Pittsburgh & Western RR
excerpt from Chapter 6--Internal Improvements: History of Butler County, Pennsylvania. With Illustrations and Biographical Sketches of some of its Prominent Men and Pioneers. Waterman, Watkins, & Co., Chicago, 1883.
The Pittsburgh & Western Railroad was originally organized September 7, 1877, under the name of the Pittsburgh, New Castle & Lake Erie Railroad. The early projectors of this road were Austin Pierce, of Harmony, and Gen. James S. Negley, of Pittsburgh. The road was opened between Etna and Zelienople in December, 1878. During the summer of 1879, the company became financially embarrassed owing to the general want of confidence in railroad enterprises, and their inability to market their bonds and meet their obligations. The road was sold at Sheriff's sale August 27, 1879, and purchased by Maj. A. M. Brown, who organized the Pittsburgh & Western Railroad Company, of which Mr. James Callery, was President. Under the new management, and with his energy and good financiering the road was completed through Allegheny City, and from Zelienople to Wurtemberg in the summer of 1880.
In June, 1881, the Parker & Karns City, Karns City & Butler, Red Bank & Youngstown and the Pittsburgh East and West Railroads were consolidated with the Pittsburgh & Western. Mr. James Callery is President of this company; Mr. Solon Humphreys, Vice President; Mr. A. J. Thomas, Treasurer; Mr. E. K. Hyndman, General Manager, and Mr. W. C. Mobley, General Agent. The extension of the road has been commenced from Wurtemberg to Youngstown; from Hiawatha to Butler, and from Parker to Foxburg, and these additions, as well as the change of gauge between Allegheny and Youngstown, are now about completed.
excerpt from Chapter 14 - Internal Improvements: History of Butler County Pennsylvania, R. C. Brown Co., Publishers, 1895
In September, 1872, Alfred Pearce, Adam Endres and Dr. Amos Lusk were appointed commissioners in Butler for the Allegheny and Harmony railroad, which, in time, took the title--Pittsburg, New Castle & Lake Erie Railroad Company. It was incorporated under this name, September 7, 1877, and Austin Pearce, General (James S.) Negley and others pushed forward the enterprise. The new road was completed as a narrow gauge to Zelienople in November, 1878, and formally opened January 1, 1879. By April 1, 1880, track was laid to a point within one mile of Hazen's mill, and before the close of the year to beyond Wurtemberg.
Meantime the troubles, incidental to a new road, fell upon this, and, on August 27, 1879, the sheriff laid his hands upon this promising property. Prior to this affair, the service rose above its primitive form. Good coaches and agreeable conductors and brakemen were making the road popular, and, in the language of regular travelers, "putting on style." No longer did the travelers ask for "Breakneck," "Big Mill," "The Glades," "Pine Creek," and such pioneer villages, for the train brakeman called out "Elfin Wild," "Hiawatha," "Wildwood," "Hathorne," "Cressdale," "Gibsonia," "Evans City," "Eidenau," with the vim of one familiar with such names for years. In July, 1879, the disagreement between the directors and chief-engineer, Joseph Ramsey, Jr., culminated in the trouble at Harmony and Eidenau, when conductor Myers was discharged, and J. C. Lewis, the brakeman, appointed to fill his place. The superintendent, local agent and other employes were put off the train, and General Negley took charge.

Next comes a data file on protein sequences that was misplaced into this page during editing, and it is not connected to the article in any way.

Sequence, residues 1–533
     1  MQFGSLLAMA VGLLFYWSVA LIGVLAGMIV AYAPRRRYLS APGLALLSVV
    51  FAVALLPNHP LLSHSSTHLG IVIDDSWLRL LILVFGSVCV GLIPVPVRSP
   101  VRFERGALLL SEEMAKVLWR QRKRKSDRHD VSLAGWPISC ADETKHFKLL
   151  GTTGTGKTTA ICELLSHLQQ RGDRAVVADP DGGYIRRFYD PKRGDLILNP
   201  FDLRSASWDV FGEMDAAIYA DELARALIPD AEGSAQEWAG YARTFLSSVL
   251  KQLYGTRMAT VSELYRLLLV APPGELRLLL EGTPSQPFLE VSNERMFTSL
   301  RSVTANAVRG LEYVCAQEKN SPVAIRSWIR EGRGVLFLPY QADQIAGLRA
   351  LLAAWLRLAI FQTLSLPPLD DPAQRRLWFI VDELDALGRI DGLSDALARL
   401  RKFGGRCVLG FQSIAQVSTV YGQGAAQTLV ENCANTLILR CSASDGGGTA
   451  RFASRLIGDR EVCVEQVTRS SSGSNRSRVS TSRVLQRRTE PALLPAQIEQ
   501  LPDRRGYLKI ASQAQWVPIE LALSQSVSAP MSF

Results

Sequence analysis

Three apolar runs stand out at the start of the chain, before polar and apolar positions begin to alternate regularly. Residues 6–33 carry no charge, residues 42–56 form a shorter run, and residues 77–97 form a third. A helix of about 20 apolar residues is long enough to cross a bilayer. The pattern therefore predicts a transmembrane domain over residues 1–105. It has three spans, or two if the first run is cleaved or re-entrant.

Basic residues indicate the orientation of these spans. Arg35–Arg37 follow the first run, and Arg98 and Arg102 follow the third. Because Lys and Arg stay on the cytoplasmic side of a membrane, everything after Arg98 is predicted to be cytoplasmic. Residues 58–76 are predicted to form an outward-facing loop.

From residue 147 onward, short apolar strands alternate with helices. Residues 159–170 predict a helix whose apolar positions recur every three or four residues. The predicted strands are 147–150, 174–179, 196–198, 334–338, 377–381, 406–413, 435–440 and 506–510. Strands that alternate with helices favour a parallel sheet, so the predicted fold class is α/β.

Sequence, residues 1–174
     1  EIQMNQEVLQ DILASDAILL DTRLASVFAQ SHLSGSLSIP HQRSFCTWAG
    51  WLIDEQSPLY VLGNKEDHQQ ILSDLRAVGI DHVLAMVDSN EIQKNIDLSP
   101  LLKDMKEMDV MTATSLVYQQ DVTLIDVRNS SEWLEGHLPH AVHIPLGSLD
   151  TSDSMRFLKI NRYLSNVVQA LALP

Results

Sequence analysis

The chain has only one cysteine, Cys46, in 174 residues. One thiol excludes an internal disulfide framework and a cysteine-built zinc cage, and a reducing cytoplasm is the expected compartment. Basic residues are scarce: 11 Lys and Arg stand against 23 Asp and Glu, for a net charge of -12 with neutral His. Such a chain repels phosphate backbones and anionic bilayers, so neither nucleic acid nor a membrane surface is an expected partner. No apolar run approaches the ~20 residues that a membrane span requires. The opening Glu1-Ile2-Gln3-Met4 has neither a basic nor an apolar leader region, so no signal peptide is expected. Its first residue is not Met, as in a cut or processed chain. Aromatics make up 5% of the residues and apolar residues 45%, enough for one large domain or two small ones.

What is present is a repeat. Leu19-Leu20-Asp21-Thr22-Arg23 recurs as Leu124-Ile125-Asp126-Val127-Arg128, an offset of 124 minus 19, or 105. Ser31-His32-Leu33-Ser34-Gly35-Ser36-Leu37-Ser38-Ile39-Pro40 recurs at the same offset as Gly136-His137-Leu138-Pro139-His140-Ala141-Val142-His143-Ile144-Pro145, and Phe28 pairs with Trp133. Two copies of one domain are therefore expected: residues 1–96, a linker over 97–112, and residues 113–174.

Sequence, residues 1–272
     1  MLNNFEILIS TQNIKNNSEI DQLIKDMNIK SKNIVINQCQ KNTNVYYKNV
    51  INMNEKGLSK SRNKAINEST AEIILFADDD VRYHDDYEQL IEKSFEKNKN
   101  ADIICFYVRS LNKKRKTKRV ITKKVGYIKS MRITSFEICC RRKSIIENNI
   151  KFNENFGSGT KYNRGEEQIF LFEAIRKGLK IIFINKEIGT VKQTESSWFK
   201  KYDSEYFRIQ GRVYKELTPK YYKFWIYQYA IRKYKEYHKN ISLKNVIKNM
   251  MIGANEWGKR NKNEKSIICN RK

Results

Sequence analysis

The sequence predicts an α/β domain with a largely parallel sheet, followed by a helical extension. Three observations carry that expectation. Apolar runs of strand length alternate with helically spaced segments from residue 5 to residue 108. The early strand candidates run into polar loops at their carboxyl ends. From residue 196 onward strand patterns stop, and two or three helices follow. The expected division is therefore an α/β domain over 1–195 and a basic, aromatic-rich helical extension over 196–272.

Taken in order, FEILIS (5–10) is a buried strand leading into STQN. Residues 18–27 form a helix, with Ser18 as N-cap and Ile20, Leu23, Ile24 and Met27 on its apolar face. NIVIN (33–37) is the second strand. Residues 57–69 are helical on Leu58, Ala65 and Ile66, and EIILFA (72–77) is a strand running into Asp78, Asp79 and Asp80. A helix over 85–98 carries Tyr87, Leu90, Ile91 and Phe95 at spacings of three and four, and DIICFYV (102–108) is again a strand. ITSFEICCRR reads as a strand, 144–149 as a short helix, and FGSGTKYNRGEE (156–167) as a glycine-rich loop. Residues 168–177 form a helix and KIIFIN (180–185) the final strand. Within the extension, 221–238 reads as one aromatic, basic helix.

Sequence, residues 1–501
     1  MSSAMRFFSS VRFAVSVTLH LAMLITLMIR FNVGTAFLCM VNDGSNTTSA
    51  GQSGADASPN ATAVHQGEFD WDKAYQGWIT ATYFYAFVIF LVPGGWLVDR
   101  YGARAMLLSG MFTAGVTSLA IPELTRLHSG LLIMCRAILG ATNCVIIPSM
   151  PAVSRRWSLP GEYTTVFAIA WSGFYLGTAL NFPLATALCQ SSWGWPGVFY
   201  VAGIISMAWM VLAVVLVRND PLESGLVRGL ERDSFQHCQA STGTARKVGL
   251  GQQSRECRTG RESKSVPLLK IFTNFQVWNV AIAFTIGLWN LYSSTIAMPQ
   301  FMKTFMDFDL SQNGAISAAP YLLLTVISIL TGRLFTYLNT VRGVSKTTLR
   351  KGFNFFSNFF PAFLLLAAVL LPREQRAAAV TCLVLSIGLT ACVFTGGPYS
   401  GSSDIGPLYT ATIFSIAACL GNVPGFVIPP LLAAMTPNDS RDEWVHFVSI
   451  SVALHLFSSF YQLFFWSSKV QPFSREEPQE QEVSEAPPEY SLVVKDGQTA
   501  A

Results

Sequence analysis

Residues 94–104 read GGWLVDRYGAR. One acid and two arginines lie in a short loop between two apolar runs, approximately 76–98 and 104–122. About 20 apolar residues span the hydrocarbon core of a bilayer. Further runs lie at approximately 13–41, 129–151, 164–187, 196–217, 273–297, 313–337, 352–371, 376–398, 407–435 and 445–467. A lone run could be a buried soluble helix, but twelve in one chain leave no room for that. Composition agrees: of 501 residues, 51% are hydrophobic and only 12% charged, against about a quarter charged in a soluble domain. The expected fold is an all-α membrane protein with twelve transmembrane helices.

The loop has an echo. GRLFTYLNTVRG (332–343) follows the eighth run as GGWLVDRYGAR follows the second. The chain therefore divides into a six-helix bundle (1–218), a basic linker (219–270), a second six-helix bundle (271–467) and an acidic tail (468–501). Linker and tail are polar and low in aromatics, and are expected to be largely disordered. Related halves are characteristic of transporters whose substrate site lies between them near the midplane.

The road was sold in 1874 to Major A. M. Brown, as the representative of John Dean. Subsequently Major Brown, James Callery and John M. Chalfant claimed they were the owners of the property. In January, 1881, the Pittsburg and Western Railroad Company, which, according to the Butler county newspapers, bought the road with the money of the original stockholders, was threatened with dissolution. The Baltimore and Ohio and the Pennsylvania Central Companies were eagerly awaiting an opportune moment to secure possession of the property. In the fall of 1881 it was a link in the Wabash chain, extending from Wurtemberg to Allegheny. In April, 1882, the old stockholders were offered, by Major Brown and his friend, $10,000, or fourteen per cent of the actual moneys invested by them. The offer was refused. The road is now operated by the Baltimore and Ohio Railroad Company, though nominally under the control of the Pittsburg and Western Railway Company, whose president, Thomas M. King, was at the time of his election, in July, 1893, second vice-president of the former company. His election completed the amalgamation of the two roads, giving the Baltimore and Ohio Railroad Company complete control.
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